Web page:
Dairy farming and nuclear science - it seems to be a strange combination, but an isotopic technique can be used to breed more productive dairy cows.
The International Atomic Energy Agency (IAEA) has reported on a case where a small-scale dairy farmer in Myanmar has benefitted by using bull semen, made via nuclear and isotopic techniques.
Historically, cattle in Myanmar were used as a source of power in agriculture for ploughing the fertile fields of the country’s river valleys. Most of the indigenous cattle are draught animals that can work long hours tilling fields and pulling carts. But they are not particularly productive when it comes to milk production. The genetics laboratory has characterised these local varieties and developed a programme to breed cows that can produce more milk.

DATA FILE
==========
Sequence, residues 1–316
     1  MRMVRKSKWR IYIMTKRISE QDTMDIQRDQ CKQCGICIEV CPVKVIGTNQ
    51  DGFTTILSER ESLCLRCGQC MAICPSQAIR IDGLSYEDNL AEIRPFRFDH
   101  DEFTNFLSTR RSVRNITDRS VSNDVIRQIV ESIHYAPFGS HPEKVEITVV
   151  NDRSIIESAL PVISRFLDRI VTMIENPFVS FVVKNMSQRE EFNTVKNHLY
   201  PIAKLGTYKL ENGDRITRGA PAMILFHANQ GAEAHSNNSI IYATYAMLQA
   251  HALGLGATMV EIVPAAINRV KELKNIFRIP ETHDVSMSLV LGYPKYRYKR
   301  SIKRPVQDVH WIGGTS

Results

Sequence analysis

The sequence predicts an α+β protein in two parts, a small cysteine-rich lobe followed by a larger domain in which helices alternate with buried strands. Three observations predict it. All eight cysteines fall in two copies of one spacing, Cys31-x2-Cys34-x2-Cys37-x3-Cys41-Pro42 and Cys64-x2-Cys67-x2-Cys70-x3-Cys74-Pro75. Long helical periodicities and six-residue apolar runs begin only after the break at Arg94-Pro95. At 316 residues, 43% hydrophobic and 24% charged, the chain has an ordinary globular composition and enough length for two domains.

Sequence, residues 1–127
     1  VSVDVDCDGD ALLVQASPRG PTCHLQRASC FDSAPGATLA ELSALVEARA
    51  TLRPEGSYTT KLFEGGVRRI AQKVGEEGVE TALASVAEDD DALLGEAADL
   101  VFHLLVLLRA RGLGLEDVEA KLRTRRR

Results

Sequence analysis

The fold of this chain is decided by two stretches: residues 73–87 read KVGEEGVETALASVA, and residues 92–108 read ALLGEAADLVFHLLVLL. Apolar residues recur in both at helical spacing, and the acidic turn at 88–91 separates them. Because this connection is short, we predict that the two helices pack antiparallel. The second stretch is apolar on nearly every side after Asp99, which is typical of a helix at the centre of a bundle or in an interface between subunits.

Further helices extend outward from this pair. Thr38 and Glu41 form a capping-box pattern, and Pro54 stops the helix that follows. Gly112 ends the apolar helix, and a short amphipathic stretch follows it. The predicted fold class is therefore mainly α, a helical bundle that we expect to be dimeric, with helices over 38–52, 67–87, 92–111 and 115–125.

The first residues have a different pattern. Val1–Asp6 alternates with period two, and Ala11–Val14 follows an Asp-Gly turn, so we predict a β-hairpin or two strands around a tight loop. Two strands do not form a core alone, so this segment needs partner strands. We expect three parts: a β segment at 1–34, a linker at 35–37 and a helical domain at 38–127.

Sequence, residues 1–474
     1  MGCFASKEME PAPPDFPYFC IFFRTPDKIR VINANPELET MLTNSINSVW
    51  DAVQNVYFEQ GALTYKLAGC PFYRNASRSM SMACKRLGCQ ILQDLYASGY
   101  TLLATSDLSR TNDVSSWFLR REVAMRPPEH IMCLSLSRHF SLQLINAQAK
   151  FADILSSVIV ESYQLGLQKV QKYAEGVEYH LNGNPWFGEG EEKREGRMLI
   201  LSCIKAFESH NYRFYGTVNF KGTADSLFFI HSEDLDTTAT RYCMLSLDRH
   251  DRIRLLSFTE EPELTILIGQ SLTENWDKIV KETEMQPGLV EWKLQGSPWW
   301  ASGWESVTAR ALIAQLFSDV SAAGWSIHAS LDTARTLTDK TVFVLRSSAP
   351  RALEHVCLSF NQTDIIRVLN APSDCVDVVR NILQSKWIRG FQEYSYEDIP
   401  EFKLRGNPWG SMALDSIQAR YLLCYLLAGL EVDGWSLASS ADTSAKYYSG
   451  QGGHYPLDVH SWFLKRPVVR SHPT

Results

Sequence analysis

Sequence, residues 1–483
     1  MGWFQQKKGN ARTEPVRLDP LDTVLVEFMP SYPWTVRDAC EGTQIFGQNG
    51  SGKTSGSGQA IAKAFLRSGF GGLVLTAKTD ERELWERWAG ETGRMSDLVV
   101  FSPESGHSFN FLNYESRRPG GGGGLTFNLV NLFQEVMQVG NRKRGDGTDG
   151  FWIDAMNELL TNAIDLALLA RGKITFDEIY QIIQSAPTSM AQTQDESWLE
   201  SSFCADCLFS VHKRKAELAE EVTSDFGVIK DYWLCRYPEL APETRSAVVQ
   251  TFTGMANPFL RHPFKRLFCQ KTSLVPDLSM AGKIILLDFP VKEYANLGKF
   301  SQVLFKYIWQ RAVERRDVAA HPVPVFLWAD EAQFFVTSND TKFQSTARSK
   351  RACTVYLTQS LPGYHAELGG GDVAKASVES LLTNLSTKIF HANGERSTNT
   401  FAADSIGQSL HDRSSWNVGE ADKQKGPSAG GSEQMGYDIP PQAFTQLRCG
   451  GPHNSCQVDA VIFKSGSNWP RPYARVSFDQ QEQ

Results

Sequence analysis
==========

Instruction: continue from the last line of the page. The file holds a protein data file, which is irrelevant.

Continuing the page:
Improving native cattle breeds through genetic selection in such a way that they produce more milk but still retain their adaptability to the local environment and their tolerance to local diseases is crucial in sustainably increasing their productivity.
Nuclear and nuclear derived technologies have also been used to detect viruses like Foot-and-Mouth Disease, and the IAEA, the FAO and their partners have helped Myanmar’s veterinary laboratory buy materials and acquire expertise.
Read the full story on the IAEA website.
Emmy Koeleman studied Animal Sciences at Wageningen University in the Netherlands. She is the editor of Dairy Global and All About Feed.